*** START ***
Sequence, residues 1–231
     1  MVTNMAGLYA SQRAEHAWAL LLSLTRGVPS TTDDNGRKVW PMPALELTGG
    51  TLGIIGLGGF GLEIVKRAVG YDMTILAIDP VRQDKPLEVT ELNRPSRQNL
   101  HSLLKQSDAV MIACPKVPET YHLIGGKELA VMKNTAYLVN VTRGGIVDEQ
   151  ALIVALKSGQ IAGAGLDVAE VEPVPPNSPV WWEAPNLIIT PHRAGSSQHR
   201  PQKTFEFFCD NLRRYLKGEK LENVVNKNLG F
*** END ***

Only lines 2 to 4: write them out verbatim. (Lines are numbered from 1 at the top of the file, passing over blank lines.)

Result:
     1  MVTNMAGLYA SQRAEHAWAL LLSLTRGVPS TTDDNGRKVW PMPALELTGG
    51  TLGIIGLGGF GLEIVKRAVG YDMTILAIDP VRQDKPLEVT ELNRPSRQNL
   101  HSLLKQSDAV MIACPKVPET YHLIGGKELA VMKNTAYLVN VTRGGIVDEQ